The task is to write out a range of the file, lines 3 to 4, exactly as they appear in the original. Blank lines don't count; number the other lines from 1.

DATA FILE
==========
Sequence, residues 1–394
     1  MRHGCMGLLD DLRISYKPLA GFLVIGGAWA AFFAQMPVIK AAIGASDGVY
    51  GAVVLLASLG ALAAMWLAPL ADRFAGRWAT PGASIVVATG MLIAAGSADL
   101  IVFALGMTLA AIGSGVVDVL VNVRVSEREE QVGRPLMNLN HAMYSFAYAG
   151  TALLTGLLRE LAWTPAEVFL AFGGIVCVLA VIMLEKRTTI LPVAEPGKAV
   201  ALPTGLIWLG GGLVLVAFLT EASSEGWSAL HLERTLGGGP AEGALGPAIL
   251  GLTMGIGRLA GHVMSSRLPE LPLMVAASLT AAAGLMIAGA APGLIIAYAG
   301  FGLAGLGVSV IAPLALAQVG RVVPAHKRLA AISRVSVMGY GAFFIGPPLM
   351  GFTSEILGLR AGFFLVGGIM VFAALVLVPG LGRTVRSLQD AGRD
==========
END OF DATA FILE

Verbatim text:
    51  GAVVLLASLG ALAAMWLAPL ADRFAGRWAT PGASIVVATG MLIAAGSADL
   101  IVFALGMTLA AIGSGVVDVL VNVRVSEREE QVGRPLMNLN HAMYSFAYAG